A. P. Herbert

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Sir Alan Patrick Herbert (24 September 189011 November 1971) was an English humorist in many literary forms, a law-reform activist, and an independent M.P. representing Oxford University.

Sourced[edit]

  • The Farmer will never be happy again;
    He carries his heart in his boots;
    For either the rain is destroying his grain
    Or the drought is destroying his roots.
    • "The Farmer", Tinker, Tailor (1922)
  • For I must write to The Times tonight, and save the world from sin.
    • "The Saviours", Laughing Ann (1925)
  • Don't let's go to the dogs tonight,
    For mother will be there.
    • "Don't Let's Go to the Dogs Tonight", She-Shanties (1926)
  • As my poor father used to say
    In 1863,
    Once people start on all this Art
    Goodbye, moralitee!
    • "Lines for a Worthy Person", Ballads for Broadbrows (1930)
  • Let's stop somebody from doing something!
    Everybody does too much.
    • "Let's Stop Somebody from Doing Something", Ballads for Broadbrows (1930)
  • Nobody's wrong but England – and England's always wrong,
    Too late – or else too early – too soft – or else too strong.
    And when for once the wide world begins to praise her name
    Her own sons crowd and hurry to shout her back to shame.
    • "Poor Old Britain", Leave My Old Morale Alone (1948).
  • There's alcohol in plant and tree.
    It must be Nature's plan
    That there should be in fair degree
    Some alcohol in Man.
    • Number Nine ([1951] 1952) p. 151.
  • The portions of a woman which appeal to man's depravity
    Are constructed with considerable care.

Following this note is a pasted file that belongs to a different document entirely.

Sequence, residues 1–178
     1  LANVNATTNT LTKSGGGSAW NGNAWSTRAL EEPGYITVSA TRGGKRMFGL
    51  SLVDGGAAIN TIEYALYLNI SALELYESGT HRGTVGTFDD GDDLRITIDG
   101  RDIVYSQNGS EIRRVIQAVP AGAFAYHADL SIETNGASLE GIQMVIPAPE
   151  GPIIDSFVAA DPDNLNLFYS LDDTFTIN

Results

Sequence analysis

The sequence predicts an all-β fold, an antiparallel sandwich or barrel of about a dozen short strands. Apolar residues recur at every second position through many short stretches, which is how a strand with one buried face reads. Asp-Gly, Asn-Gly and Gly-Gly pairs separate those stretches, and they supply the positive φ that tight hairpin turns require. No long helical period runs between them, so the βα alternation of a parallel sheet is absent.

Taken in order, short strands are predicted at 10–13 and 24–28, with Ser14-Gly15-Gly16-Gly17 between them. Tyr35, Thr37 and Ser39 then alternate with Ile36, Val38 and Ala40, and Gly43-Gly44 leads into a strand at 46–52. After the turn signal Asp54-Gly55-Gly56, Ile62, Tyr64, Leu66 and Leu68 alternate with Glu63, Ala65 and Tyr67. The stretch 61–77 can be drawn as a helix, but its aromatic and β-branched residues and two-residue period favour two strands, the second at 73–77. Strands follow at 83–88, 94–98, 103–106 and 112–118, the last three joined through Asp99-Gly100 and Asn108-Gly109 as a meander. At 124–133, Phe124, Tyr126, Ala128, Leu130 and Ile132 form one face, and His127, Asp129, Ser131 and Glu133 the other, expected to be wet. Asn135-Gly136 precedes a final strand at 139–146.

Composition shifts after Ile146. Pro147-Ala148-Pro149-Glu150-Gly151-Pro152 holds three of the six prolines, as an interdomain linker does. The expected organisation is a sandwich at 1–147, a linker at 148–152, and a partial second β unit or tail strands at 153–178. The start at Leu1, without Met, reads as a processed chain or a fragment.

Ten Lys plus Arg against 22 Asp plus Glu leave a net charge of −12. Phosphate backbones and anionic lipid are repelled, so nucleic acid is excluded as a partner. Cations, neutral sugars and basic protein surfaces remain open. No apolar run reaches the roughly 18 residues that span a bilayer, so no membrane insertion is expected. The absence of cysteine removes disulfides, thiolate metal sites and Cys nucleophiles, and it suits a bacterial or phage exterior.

• "Lines on a Book Borrowed from the Ship's Doctor", A. P. H.: His Life and Times (1970).

Uncommon Law (1935)[edit]

  • Citizens who take it upon themselves to do unusual actions which attract the attention of the police should be careful to bring these actions into one of the recognized categories of crimes and offences, for it is intolerable that the police should be put to the pains of inventing reasons for finding them undesirable.
    • "Is It a Free Country?"
  • It is like the thirteenth stroke of a crazy clock, which not only is itself discredited but casts a shade of doubt over all previous assertions.
    • "Is It a Free Country?"
  • It cannot be too clearly understood that this is not a free country, and it will be an evil day for the legal profession when it is.
    • "Is It a Free Country?"
  • People must not do things for fun. We are not here for fun. There is no reference to fun in any Act of Parliament.
    • "Is It a Free Country?"
  • A highbrow is the kind of person who looks at a sausage and thinks of Picasso.
    • "Is 'Highbrow' Libellous?"
  • A man who has made up his mind on a given subject twenty-five years ago and continues to hold his political opinions after he has been proved to be wrong is a man of principle; while he who from time to time adapts his opinions to the changing circumstances of life is an opportunist.
    • "Which Is the Liberal Party?"
  • The critical period in matrimony is breakfast-time.
    • "Is Marriage Lawful?"
  • The Englishman never enjoys himself except for a noble purpose. He does not play cricket because it is a good game, but because it creates good citizens. He does not love motor-races for their own sake, but for the advantages they bring to the engineering firms of his country. And it is common knowledge that the devoted persons who conduct and regularly attend horse-races do not do so because they like it, but for the benefit of the breed of the English horse.
    • "Is Fox-Hunting Fun?"
  • Justice should be cheap but judges expensive.
    • "What Is a Judge?"
  • The whole Constitution has been erected upon the assumption that the King not only is capable of doing wrong but is more likely to do wrong than other men if he is given the chance.
    • "What Is the Crown?"

External links[edit]

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